To get started with Terraform, you’ll first have to become familiar with HCL syntax. Some developers consider this a significant extra hump to get over, but HCL is so widely adopted that it’s always a useful skill to have. In addition, while HCL is like learning a new language, much of the syntax is relatively intuitive and simple. For example, to create the same DynamoDB table from the Pulumi example, you can use the following Terraform code:

provider "aws" {
 region = "us-east-1"

resource "aws_dynamodb_table" "ddb_table" {
 name = "ddb_table"
 attribute {
  name = "Id"
  type = "S"
 billing_mode = "PAY_PER_REQUEST"
 hash_key = "Id"
 read_capacity = "5"
 write_capacity = "5"

As you can see, this isn’t too bad! As with Pulumi, Terraform documents all resource properties and provides multiple code examples in their official documentation (for example, it is the aws_dynamodb_table documentation). To actually deploy your infrastructure, you’ll also have to become familiar with various Terraform CLI commands.

At first glance, it’s certainly true that Pulumi has a much easier learning curve because you can simply draw on your existing knowledge of a language. However, this doesn’t mean that it’s necessarily “better” than having to learn HCL. Because all Terraform files are written in HCL, any Terraform developer can automatically understand any Terraform file. A Pulumi developer who’s unfamiliar with Go may not be able to understand a Pulumi file written in Go. While the learning curve for Terraform may be higher at the onset, it may be worth having everyone in your organization stick to a single DSL.


Both tools are compatible with most operating systems (Windows, macOS, and Linux), and work well with all common cloud providers (AWS, Azure, Google Cloud, Kubernetes, OpenStack). Both tools are also compatible with most IDEs, although Terraform is at a slight disadvantage here because you’ll need to download an external plugin. With Pulumi, you’ll get all the inherent benefits of using an IDE, such as code completion and automatic syntax correction.


Infrastructure stacks can get big and complex. As such, it’s always best practice to break them up into small, reusable chunks. Terraform natively supports this through the concept of modules, which is simply a set of Terraform files that you can reference in other areas of your HCL code. Pulumi supports this as well, since you can reuse any class, function, or package that you define in your Pulumi files.

Community Support

Both Terraform and Pulumi are updated frequently and have great support from their respective developer communities. However, Terraform is a more mature tool, and it has a significantly larger community. You’ll likely have an easier time finding help for issues that you come across for Terraform compared to Pulumi. One data point that stands out at the time of this writing is the number of Stack Overflow questions tagged with terraform (12,983) versus pulumi (317).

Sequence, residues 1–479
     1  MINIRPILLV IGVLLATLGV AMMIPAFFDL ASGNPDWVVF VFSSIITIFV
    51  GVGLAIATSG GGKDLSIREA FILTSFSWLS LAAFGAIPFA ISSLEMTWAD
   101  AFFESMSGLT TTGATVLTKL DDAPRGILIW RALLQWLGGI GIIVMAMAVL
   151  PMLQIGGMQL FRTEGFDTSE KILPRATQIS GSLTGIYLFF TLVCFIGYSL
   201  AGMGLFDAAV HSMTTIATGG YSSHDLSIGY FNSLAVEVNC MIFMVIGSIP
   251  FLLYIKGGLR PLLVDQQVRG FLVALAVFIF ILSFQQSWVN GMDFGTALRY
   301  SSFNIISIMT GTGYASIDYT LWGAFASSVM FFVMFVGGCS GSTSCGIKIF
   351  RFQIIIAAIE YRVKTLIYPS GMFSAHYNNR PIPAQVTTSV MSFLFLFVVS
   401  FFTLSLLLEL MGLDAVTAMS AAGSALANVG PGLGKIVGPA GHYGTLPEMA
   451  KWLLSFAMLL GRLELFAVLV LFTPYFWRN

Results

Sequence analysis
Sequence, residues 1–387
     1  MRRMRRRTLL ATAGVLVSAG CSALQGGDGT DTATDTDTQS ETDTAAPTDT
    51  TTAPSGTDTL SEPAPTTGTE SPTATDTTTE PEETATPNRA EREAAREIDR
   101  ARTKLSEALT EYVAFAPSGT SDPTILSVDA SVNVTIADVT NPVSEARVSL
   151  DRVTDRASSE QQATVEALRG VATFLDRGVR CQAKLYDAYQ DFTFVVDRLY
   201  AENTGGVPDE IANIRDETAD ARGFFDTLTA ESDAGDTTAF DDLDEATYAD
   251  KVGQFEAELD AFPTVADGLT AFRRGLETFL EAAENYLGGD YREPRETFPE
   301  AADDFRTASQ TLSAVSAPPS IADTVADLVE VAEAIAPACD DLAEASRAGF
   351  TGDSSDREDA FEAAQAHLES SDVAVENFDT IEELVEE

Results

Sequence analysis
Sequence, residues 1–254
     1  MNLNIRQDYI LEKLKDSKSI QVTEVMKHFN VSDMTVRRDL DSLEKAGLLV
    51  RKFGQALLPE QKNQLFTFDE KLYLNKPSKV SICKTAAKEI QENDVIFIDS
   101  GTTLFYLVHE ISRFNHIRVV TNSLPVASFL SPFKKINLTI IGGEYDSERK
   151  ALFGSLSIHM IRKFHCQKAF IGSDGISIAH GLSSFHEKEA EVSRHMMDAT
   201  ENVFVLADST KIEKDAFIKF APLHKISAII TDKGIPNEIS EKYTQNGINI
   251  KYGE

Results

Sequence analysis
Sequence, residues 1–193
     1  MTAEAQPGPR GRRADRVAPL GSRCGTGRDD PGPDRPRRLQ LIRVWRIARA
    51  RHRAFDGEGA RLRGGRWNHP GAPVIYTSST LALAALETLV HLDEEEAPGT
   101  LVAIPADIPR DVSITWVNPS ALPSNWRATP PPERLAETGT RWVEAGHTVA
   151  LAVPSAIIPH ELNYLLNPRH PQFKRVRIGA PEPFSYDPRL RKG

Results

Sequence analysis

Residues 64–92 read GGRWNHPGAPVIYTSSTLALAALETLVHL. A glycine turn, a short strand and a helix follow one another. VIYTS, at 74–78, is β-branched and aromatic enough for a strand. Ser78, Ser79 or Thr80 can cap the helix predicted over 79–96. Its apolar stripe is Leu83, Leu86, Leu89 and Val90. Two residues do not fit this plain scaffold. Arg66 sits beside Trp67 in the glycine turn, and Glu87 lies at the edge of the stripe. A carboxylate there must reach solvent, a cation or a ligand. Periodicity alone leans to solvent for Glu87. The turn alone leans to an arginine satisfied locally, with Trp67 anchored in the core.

In this article, you’ve looked at a quick comparison of Terraform and Pulumi, two popular IaC tools. The following list summarizes the findings:

  • Functionality: Terraform uses HCL and generally has better troubleshooting mechanisms to fix corrupted states. Pulumi uses familiar programming languages, which makes it easier for developers to add external libraries and implement built-in testing mechanisms.
  • Learning Curve: If you’re new to Terraform, you’ll need to learn HCL. If you’re new to Pulumi, you can use a programming language that you’re already familiar with. However, other Pulumi developers may not necessarily be familiar with that language. Terraform developers will not run into this issue.
  • Compatibility: Both Terraform and Pulumi are compatible with all major operating systems, cloud providers, and IDEs, though you’ll need to install a plugin to use an IDE with Terraform.
  • Modularity: Both Terraform and Pulumi support modularity.
  • Community Support: Terraform has a larger developer base, but both tools have excellent documentation and many code examples.

So which tool should you use? Terraform is still considered the industry leader in IaC tools, but Pulumi is quickly rising in popularity. Both tools help you accomplish the same thing, so for most organizations and developers, this comes down to whether you’re willing to invest your time and resources into learning HCL and Terraform. If you prefer the consistency of using HCL for your infrastructure and want a tool with a more robust community, Terraform is the way to go. If you need to optimize for efficiency and would prefer to use a language you’re already comfortable with, Pulumi might be the better solution. Either tool will get you on the way to properly scaling your infrastructure code.

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Alexander Yu %
Alexander Yu

Alexander Yu is a technical writer at AWS by day and a freelance writer by night. After completing his BS in electrical engineering and computer science from UC Berkeley, he became a software developer at AWS for almost three years before transitioning into technical writing. He lives in Seattle with his dog Yuna.